The Kabuki Dance of Chuck Hagel

FILE - In this Jan. 31, 2013 file photo, former Nebraska Sen. Chuck Hagel testifies on Capitol Hill in Washington before the Senate Armed Services Committee's confirmation hearing. Countering the Republican-led opposition to President Barack Obama's nominee for defense secretary is a less flashy but powerful constituency _ military veterans. Longstanding veterans' organizations have praised Hagel, a twice-wounded combat veteran of Vietnam and deputy administrator in President Ronald Reagan's Veterans Administration. (AP Photo / J. Scott Applewhite, File)

The Valentine’s Day vote in the United States Senate speaks not to the qualifications of Chuck Hagel to serve as secretary of defense, but instead to the insane theatrical performance that the branch of government created under Article 1 of the Constitution has mutated into.

By a single vote -- Harry Reid had to cast a procedural vote against the nomination to reserve the right to bring it to the floor again  -- Republicans chose to delay Chuck Hagel’s nomination.

After the Presidents’ Day recess, Chuck Hagel will be confirmed when 59 votes magically become 61. Both Lindsey Graham and Lamar Alexander have stated they will then vote to move the nomination to the floor, and it is likely that many more Republicans will follow their lead.

But the tantrum around Chuck Hagel’s nomination was never about substance, as evidenced by GOP goal posts that float freely, unmoored to reason. This afternoon, Barack Obama answered questions about Benghazi in a letter to the Committee on Armed Services, giving the answers demanded by John McCain, Lindsay Graham and Kelly Ayotte. Both Hillary Clinton and Leon Panetta testified before the relevant committees on the matter, and Hagel’s 2008 mystery speech that right-wing blogs had been obsessing about has been released. Of course nothing on the tape will impact the nomination.

Back in 2005, while working for Harry Reid, I spent far too much time listening to Republicans self-righteously proclaim the moral necessity of up-or-down votes. In this case, there are at least 57 members of the Senate who favor the nomination of Chuck Hagel. dug up some of those statements. They reveal the ultimate hypocrisy of the GOP:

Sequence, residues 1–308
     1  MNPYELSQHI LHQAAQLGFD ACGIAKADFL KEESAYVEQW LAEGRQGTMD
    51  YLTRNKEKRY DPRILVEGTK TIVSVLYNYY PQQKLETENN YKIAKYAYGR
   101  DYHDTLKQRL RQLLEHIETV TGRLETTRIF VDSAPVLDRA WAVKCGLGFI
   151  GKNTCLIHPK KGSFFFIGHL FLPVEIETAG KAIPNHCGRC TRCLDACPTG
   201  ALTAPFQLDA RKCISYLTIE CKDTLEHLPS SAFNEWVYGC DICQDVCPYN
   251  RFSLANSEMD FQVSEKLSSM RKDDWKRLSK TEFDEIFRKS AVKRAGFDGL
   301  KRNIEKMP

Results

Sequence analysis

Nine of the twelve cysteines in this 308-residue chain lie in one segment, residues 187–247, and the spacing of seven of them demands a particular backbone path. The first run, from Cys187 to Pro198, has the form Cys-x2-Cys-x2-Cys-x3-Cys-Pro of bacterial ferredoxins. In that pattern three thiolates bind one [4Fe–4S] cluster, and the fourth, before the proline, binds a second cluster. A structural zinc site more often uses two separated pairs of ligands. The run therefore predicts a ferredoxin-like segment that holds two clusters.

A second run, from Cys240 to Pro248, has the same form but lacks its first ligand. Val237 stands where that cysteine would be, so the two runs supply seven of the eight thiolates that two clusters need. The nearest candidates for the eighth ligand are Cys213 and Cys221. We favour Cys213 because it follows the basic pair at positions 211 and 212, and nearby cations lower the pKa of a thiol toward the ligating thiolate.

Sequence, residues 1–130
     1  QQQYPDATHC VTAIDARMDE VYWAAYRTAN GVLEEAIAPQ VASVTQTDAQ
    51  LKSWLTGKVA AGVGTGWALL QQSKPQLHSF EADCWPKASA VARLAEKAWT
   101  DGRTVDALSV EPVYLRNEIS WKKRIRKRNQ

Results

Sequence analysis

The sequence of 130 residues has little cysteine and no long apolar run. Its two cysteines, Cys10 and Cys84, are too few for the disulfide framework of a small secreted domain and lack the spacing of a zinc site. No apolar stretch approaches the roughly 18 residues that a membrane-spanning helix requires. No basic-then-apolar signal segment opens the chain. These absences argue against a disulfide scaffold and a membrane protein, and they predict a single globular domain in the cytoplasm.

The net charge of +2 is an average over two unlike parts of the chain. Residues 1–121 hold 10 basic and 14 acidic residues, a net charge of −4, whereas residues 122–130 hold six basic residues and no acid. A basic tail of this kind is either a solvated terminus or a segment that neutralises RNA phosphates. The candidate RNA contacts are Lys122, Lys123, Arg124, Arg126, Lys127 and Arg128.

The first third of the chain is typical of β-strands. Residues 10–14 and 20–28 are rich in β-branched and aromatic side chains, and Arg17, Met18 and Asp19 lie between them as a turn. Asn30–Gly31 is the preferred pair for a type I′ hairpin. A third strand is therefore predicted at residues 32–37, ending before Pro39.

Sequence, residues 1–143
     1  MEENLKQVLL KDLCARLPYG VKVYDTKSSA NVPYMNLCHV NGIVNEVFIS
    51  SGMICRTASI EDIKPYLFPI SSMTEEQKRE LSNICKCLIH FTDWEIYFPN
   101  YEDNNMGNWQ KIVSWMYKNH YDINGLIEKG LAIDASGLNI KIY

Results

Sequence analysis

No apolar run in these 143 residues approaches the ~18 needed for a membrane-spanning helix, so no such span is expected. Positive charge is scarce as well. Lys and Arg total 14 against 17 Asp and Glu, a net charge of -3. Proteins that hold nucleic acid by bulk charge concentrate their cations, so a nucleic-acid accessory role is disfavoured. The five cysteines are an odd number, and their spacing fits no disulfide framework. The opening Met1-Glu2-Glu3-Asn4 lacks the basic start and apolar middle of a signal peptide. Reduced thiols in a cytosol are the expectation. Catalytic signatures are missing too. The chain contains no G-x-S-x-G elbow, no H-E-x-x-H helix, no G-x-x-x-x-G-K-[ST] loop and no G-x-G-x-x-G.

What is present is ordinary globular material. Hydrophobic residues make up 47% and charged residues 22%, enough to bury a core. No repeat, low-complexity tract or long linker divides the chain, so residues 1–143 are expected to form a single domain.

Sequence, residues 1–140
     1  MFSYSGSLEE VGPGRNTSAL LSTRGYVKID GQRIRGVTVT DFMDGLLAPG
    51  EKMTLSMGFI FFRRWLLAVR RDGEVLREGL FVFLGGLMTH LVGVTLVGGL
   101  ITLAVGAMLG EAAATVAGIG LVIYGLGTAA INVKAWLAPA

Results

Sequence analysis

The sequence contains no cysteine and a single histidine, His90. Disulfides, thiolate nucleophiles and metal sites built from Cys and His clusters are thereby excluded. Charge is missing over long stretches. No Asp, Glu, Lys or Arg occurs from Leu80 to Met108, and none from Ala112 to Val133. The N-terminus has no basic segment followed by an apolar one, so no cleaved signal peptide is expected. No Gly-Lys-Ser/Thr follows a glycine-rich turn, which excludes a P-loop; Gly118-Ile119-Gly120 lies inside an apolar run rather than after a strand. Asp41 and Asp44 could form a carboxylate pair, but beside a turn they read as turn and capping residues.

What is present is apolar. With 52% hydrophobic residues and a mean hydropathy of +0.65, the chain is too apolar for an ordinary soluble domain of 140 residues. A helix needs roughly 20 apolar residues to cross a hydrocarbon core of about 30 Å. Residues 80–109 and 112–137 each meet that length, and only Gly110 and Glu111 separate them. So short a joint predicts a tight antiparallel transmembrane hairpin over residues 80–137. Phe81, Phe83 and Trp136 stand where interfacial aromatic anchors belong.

Mitch McConnell: “I think the President is entitled to an up-or-down — that is simple majority — vote on nominations, both to his cabinet and to the executive branch and also to the judiciary.”

John Cornyn: “Senators have a right to vote for or against any nominee—but blocking votes on nominations is unacceptable.”

Jeff Sessions: “The vote, historically, since the founding of this Republic, is a majority vote. Lets [sic] look at that. The Constitution says that the Congress shall advise and consent on treaties, provided two-thirds agree, and shall advise and consent on judges and other nominees.”

All three have proven themselves either liars, hypocrites or wimps. As Harry Reid pointed out on the Senate floor today:

“People are worried about primary elections. We know how the Tea Party goes after Republicans when they aren’t conservative enough. Is that something they need to have on their resume? ‘I filibustered one of the president’s nominees.’ Is that what they want?”

Republicans did not cast these votes today because Chuck Hagel was unfit for the position of secretary of defense. Do these same senators believe he will magically attain the necessary qualifications over the next week, when their votes will suddenly change?

Republicans proved nothing about Chuck Hagel today. They did reveal their belief that their job in the Senate is not statesmanship, but playacting. Their play is more akin to the WWE than Shakespeare. The end of the match is pre-scripted, and they are just making the final moments more exciting for a select group, primarily in the Beltway, who care about their shenanigans. (Some on the right hold out hope of a last-minute revelation that will sink the nomination. That is highly unlikely, but expect the kitchen sink to be thrown at Hagel next week.)

Ultimately, this game is bad for the Republican Party, as it shows the American people they are not to be taken seriously. But sadly, it’s worse for our democracy.